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Clubbing of accounts may become binding

New Delhi, Aug 29: The government is planning to ask companies to compulsorily come out with consolidated accounts— which includes acounts of all subsidiary companies, both wholly-owned and those where the company has majority stake. This is being done in order to check various kinds of corporate frauds and malpractices.

A final decision on this is likely after the department of company affairs (DCA) examines a report submitted recently by the national accounting standards advisory committee.

DCA secretary Vinod Dhall, who was speaking at a CII workshop on accounting standard today, said “recent experiences in the stock market show that there is a necessity to make consolidated accounts mandatory.”

The issue of consolidated statements assumes importance in the wake of some recent inter-corporate dealings some of which were alleged to have been dealt with in a controversial Ferguson’s report of Tata Finance Limited, which was later withdrawn. The report had highlighted a series of deals involving group companies and alleged that the companies had traded in each others’ shares in a manner that helped some of them report higher profits from treasury operations or dividend income. It was also reported that some of them routed money to those buying the shares through inter corporate deposits.

Dhall said this need arose due to the various transactions, including cyclical transactions, between the companies and their related parties, especially subsidiary companies. “There are a large number of subsidiaries of companies... consolidated accounts can result in detection of any cover-up of fund flow,” he said. The need for consolidated annual accounts also arose since a large number of Indian companies have been opting for overseas listing, he added.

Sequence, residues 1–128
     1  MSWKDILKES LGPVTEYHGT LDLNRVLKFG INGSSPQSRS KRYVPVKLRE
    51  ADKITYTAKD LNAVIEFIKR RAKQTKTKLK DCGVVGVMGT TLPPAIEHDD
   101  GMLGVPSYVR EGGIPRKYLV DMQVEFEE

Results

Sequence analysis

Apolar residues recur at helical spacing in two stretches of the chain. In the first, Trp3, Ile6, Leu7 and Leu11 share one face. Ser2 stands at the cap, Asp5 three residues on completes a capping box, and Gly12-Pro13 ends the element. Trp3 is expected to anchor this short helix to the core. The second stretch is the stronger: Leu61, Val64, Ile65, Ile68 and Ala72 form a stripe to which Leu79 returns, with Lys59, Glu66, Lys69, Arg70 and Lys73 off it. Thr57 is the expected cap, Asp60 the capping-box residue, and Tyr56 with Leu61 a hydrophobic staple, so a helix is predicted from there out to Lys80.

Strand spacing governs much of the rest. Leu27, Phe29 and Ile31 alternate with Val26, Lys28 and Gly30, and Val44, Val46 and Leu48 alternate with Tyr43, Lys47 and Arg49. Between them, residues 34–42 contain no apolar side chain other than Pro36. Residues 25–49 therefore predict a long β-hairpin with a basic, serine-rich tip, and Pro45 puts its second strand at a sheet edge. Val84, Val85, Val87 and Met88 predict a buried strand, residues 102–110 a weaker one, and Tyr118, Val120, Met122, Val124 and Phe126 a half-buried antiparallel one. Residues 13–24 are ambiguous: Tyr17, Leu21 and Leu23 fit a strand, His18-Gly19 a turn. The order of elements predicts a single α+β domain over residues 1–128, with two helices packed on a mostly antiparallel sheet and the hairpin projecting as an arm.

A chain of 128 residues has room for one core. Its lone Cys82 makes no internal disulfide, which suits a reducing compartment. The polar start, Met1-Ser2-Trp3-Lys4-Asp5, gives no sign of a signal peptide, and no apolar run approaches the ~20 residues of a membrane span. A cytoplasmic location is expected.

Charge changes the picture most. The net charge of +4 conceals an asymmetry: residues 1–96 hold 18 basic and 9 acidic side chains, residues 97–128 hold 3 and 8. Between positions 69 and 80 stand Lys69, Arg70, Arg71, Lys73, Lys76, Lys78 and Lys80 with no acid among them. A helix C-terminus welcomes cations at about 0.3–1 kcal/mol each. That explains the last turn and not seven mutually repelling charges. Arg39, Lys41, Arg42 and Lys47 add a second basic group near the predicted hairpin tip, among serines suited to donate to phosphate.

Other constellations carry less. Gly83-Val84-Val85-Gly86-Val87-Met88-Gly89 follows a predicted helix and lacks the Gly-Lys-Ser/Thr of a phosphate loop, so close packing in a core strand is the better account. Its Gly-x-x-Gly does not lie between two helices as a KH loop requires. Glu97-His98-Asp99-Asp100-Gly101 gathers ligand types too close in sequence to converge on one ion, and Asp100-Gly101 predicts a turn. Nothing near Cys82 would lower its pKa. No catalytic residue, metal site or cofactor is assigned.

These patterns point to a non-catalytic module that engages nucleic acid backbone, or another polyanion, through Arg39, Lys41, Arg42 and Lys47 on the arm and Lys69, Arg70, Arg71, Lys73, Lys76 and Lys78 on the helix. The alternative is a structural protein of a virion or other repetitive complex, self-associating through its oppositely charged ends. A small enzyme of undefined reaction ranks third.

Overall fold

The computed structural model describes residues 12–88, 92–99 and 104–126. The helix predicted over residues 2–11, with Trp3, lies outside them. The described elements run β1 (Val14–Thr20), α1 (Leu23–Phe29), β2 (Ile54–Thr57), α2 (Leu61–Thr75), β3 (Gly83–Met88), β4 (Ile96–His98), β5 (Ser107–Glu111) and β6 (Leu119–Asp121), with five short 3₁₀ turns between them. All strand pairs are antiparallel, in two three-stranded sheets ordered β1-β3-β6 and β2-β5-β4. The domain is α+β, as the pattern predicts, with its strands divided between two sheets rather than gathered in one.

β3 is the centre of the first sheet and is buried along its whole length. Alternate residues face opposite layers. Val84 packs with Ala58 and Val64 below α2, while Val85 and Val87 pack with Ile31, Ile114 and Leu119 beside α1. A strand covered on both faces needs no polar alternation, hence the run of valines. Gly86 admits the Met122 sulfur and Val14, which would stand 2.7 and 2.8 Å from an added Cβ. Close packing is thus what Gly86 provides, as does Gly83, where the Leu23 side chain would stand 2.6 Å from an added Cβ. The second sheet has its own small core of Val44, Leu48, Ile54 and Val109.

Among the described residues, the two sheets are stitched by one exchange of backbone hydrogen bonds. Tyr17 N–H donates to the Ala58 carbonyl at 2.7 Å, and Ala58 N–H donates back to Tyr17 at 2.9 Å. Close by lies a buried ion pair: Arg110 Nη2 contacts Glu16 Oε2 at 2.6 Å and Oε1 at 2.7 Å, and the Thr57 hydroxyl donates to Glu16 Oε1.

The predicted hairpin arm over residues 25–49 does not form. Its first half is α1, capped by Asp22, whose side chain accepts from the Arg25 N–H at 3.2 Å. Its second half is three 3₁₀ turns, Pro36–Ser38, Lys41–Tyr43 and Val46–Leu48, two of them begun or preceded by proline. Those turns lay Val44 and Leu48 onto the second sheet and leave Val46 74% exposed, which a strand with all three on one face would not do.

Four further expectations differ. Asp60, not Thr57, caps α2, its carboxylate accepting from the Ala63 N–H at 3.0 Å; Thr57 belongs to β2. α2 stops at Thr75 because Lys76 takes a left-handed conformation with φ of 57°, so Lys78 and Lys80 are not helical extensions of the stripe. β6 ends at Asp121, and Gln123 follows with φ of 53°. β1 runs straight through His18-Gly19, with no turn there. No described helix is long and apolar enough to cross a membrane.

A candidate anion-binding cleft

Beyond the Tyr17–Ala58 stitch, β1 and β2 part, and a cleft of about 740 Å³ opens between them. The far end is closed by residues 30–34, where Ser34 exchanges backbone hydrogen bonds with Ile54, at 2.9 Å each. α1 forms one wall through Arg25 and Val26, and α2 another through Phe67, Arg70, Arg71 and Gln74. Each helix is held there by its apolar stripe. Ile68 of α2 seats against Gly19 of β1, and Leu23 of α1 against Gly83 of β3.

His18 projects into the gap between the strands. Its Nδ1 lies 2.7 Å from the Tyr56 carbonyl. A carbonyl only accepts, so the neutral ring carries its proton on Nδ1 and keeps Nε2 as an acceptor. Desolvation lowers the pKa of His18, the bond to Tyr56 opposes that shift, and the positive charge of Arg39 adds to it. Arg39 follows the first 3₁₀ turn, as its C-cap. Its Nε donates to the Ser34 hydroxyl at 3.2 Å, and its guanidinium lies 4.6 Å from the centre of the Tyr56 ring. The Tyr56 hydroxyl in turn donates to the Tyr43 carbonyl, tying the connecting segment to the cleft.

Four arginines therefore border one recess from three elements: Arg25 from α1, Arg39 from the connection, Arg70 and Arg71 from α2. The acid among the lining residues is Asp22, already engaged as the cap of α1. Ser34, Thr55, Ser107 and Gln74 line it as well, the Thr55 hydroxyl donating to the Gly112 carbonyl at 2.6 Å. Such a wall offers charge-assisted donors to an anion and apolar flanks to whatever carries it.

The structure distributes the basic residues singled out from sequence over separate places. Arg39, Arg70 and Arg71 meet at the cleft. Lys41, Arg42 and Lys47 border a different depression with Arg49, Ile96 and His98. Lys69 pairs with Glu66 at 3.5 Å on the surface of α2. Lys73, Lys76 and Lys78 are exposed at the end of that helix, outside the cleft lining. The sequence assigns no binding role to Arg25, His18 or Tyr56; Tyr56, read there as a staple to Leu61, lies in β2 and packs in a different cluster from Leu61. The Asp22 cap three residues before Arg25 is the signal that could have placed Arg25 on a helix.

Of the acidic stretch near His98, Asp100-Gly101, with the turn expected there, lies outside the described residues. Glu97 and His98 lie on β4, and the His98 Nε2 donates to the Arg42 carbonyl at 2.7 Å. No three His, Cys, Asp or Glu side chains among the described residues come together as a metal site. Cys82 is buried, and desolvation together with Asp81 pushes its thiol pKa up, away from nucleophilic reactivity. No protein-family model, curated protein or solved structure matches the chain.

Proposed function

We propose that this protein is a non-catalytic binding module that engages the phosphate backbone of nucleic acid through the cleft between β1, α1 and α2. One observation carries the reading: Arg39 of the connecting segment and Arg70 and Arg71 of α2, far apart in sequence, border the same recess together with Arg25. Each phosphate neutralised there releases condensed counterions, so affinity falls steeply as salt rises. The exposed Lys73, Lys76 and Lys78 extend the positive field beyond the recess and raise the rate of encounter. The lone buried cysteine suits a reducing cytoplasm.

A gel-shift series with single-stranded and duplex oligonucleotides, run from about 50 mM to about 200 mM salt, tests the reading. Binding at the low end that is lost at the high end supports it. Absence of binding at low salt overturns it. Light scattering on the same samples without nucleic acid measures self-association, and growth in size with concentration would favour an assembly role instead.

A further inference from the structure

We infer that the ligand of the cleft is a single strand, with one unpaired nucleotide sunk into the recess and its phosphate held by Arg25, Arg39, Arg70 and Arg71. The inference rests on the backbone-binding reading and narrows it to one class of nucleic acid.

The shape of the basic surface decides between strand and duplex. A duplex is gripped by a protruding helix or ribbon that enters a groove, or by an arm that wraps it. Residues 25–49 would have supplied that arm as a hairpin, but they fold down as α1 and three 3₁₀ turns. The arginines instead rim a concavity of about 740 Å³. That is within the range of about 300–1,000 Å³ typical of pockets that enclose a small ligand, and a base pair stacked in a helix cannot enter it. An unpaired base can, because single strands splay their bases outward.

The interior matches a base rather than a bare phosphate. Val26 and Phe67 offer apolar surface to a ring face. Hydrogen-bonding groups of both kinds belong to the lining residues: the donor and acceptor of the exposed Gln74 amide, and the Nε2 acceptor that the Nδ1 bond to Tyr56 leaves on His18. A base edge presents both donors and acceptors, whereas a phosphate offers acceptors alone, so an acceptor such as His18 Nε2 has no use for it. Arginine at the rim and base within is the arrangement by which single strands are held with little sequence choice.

The high level committee headed by Naresh Chandra is also looking into the various aspects of auditor-corporate relationship, Dhall said.

The committee will look into aspects such as the independence of auditors and the need to have random review of company accounts.

“The home truth,” Dhall said, “is that auditors are appointed by the management and there is a lot of dependence of the auditors on the management, which needs to be transformed into independence.”

Dhall also mentioned the need to set stringent norms for preferential allotments, employee stock options and other payouts by company managements, adding that increasing instances of discrepancies in these payouts have come to light.

“Preferential allotments as a provision was inserted in the Companies Act to tackle certain situations like large funds infusion or entering into tieups for technology transfer. We need to lay down stringent norms for pricing and other norms of such allotments,” he said.

Again, in the case of employee stock option schemes, he said many discrepancies have come to light in the US where these schemes were used by the promoters to offload stakes.

“We need to determine how much of total emoluments of senior managers can be given in the form of stock options,” he said, adding “we have to see whether there should be a cap on these incomes.”

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